Unleashing the Power of Diversity

UT Southwestern Medical Center President Daniel K. Podolsky, M.D., established the office of Faculty Diversity & Development (FDD) in 2011, and its division, Office of Women’s Careers (OWC) in 2012.

Dr. Byron Cryer, Associate Dean for FDD, and Dr. Helen Yin, Associate Dean for OWC, are well positioned to implement national best practices at UT Southwestern to promote the careers of all faculty, with particular emphasis on underrepresented groups and women. They are both active in the Association of American Medical Colleges Group on Diversity and Inclusion (GDI), and Dr. Yin is active in the Group on Women in Science and Medicine (GWIMS).

The HEAL team helps underrepresented housestaff develop into strong leaders.

“HEAL is a unique opportunity to invest in physician development at a critically important and stressful developmental period,” said Dr. Cryer. “The Vaughans, being clinicians themselves, had insight to recognize the benefit of investing in resident professional development. We are very grateful for their reliance in our office of FDD and were able to take the HEAL program to the next level based on their contributions.”

Dr. Dale Okorodudu is the Faculty Director for HEAL for Underrepresented Minorities in Medicine, which serves trainees who are African-American, Hispanic, American Indian/Alaska Native, and Native Hawaiian/other Pacific Islanders. He runs a clinical practice at the Dallas VA Medical Center and is an Assistant Professor of Internal Medicine at UT Southwestern. He is passionate about addressing health care disparities by promoting diversity in the medical workforce. After joining HEAL as a member during his fellowship training at UT Southwestern, he attended meetings regularly, asked questions, and used the experience for his personal growth.

“I always tell people that I felt HEAL was a second fellowship, somewhat on the track of a leadership type of pathway,” he said. “My dream is that there will be more opportunity for like-minded individuals of all backgrounds who enter the medical field because I do believe it’s talent mining—we bring more individuals from different backgrounds who bring their ideas and solutions that lead to further advancements.”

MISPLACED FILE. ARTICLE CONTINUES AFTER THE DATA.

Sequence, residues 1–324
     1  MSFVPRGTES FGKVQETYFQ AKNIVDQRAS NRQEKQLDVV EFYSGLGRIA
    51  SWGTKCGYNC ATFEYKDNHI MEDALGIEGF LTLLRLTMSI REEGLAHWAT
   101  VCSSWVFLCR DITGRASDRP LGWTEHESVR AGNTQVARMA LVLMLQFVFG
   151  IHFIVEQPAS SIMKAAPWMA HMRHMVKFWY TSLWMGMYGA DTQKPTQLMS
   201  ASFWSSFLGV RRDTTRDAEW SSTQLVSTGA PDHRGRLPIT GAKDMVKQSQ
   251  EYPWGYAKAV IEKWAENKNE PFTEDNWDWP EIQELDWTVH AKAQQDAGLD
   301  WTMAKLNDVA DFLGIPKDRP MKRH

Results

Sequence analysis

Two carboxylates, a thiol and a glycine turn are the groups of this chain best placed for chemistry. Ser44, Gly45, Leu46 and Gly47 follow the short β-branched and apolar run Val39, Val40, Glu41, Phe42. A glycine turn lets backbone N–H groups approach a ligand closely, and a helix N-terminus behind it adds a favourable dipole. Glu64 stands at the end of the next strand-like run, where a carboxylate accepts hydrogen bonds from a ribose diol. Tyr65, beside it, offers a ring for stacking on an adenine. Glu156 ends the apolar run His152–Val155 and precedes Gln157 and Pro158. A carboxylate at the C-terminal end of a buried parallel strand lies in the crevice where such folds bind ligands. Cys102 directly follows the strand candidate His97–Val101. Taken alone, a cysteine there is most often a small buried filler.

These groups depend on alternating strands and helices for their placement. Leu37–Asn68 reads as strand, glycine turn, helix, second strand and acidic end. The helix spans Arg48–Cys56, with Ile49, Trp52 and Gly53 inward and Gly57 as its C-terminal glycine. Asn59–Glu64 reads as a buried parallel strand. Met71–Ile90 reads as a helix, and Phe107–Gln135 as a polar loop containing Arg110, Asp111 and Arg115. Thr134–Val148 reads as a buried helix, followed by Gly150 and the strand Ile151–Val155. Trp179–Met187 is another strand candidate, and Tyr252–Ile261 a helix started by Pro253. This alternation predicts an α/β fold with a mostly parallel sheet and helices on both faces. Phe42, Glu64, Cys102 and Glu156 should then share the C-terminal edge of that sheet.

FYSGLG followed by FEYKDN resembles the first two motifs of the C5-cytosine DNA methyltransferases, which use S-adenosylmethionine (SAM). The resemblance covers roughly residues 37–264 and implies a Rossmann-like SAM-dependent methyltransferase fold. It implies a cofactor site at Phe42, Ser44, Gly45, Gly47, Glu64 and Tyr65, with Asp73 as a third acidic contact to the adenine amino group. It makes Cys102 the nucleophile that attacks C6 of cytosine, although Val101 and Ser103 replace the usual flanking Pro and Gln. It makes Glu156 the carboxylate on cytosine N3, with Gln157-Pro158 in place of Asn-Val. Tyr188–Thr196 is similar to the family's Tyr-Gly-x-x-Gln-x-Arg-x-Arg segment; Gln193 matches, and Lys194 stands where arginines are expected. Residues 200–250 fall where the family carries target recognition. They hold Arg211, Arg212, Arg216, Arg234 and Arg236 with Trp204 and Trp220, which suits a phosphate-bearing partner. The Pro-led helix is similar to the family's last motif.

HEAL for Women empowers female residents and clinical fellows to make the most of their medical training at UT Southwestern.

The OWC launched HEAL for Women in 2014, which provides a coordinated approach to the recruitment, career advancement, and professional development of women faculty and trainees.

“Underrepresented groups and women at times feel isolated and marginalized, have few role models that they relate to, and are less satisfied with mentoring experiences. Accordingly, in academia, there has recently been a focus on culturally aware minority mentoring, as well as access to and mastery of both the hard and soft skills required for a successful biomedical career,” said Dr. Yin.

In 2016, HEAL for LGBT & Allies was launched and is open to all UT Southwestern LGBT trainees (residents and fellows) and faculty, as well as their supporters regardless of their identification. Dr. Kelly Klein leads the LGBT group and describes HEAL as an amazing networking avenue filled with people who could be marginalized, but instead are brought together to meet, share, and give support as needed. The group has led to amazing conversations, which open minds and doors.

“Medical school is an incredibly competitive environment, made up of people who are very driven and often do not have a large social support network,” said Dr. Klein. “This is difficult enough during exams and getting prepped for becoming a junior physician. For the LGBT student, this can be even more stressful, and the decision to be open or to be closed hangs in the balance. Making sure that HEAL has an LGBT component is essential to help people realize that there are others all around us who not only support the LGBT community, but also are a part of it – out and proud.”

Dr. Marc Nivet, Executive Vice President for Institutional Advancement, said, “Diversity is a catalyst for innovation and fundamental to UT Southwestern Medical Center’s commitment to excellence. Each day, diversity and inclusion are woven into the fabric of our campus, thanks to the generosity of the Vaughans and their support of the HEAL program.”